Nazi hunter Wiesenthal dies at 96
Holocaust survivor and Nazi-hunter Simon Wiesenthal has died in the Austrian capital Vienna, aged 96. Wiesenthal was credited with helping to bring more than 1,100 Nazi war criminals to justice in the decades following World War Two. His biggest disappointments were his failures to secure the capture of Gestapo chief Heinrich Müller and Auschwitz doctor Josef Mengele.
Officials at the US-based Simon Wiesenthal Centre announced his death. Wiesenthal died in his sleep at his home, according to Rabbi Marvin Hier, dean and founder of the centre. “Simon Wiesenthal was the conscience of the Holocaust,” Hier said. “When the Holocaust ended in 1945 and the whole world went home to forget, he alone remained behind to remember. He became the permanent representative of the victims, determined to bring the perpetrators of history’s greatest crime to justice. He just took the job. It was a job no one else wanted.”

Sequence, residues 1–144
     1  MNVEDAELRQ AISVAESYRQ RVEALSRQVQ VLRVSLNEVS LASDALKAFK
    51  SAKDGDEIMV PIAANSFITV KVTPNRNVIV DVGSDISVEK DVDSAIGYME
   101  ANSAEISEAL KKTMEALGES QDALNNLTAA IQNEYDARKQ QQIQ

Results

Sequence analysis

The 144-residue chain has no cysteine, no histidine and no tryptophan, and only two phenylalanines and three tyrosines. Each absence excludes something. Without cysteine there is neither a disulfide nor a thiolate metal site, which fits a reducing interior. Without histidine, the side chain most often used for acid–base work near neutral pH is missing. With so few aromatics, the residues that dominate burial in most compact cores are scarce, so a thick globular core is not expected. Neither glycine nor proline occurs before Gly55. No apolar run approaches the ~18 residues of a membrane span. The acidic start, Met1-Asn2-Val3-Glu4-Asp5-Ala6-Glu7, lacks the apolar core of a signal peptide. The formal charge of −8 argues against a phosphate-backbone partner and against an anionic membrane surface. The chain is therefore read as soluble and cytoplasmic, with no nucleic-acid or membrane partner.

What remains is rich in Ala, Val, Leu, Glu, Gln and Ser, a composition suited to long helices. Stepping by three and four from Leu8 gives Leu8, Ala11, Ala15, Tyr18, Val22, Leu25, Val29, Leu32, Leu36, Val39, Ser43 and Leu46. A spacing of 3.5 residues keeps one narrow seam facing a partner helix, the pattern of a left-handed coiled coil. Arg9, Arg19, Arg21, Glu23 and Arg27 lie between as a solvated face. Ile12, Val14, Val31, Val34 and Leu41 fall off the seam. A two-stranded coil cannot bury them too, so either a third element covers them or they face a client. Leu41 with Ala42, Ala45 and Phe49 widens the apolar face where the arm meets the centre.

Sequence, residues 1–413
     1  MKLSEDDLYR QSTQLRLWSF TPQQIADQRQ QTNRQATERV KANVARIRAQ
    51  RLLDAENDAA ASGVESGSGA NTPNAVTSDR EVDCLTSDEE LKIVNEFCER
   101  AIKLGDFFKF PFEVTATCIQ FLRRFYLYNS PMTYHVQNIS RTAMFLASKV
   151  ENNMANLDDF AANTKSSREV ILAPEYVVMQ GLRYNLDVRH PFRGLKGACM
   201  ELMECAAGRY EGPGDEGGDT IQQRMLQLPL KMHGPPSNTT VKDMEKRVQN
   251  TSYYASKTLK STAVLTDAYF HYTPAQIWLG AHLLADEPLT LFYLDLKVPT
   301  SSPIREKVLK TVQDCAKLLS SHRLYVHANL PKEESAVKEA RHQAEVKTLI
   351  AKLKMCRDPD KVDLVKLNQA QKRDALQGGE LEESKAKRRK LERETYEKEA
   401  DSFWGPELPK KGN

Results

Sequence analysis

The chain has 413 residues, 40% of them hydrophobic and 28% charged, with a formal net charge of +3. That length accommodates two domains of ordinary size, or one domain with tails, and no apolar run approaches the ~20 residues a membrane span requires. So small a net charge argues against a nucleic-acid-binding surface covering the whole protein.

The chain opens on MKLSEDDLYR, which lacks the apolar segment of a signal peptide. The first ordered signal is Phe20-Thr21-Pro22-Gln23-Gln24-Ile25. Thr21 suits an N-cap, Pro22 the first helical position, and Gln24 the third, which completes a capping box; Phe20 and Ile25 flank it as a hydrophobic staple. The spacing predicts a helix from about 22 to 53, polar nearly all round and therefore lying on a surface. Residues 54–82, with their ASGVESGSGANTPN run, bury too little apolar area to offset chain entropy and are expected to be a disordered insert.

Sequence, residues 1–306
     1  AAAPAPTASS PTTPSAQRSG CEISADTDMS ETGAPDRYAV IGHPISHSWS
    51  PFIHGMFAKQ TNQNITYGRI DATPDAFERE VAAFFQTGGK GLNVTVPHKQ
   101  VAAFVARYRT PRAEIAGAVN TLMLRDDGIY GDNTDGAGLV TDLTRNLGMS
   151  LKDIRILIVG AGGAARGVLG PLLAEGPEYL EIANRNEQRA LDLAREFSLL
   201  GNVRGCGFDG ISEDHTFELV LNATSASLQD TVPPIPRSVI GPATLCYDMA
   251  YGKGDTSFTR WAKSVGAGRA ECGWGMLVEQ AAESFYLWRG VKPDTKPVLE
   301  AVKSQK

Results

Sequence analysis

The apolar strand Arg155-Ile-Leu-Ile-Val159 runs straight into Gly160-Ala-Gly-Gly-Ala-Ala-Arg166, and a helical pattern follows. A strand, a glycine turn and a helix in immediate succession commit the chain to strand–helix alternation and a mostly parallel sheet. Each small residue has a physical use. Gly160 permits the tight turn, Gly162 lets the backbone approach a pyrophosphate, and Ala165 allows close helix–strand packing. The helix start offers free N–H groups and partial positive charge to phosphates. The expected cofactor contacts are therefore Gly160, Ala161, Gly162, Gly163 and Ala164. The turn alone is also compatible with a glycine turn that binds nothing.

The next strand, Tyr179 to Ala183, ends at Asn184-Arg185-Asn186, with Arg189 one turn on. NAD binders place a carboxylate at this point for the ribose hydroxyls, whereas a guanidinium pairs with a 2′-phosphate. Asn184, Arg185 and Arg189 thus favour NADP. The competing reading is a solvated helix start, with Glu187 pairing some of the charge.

Wiesenthal was a prisoner in the Mauthausen death camp when it was liberated by the American troops in May 1945. “When history looks back, I want people to know the Nazis weren’t able to kill millions of people and get away with it,” he once said.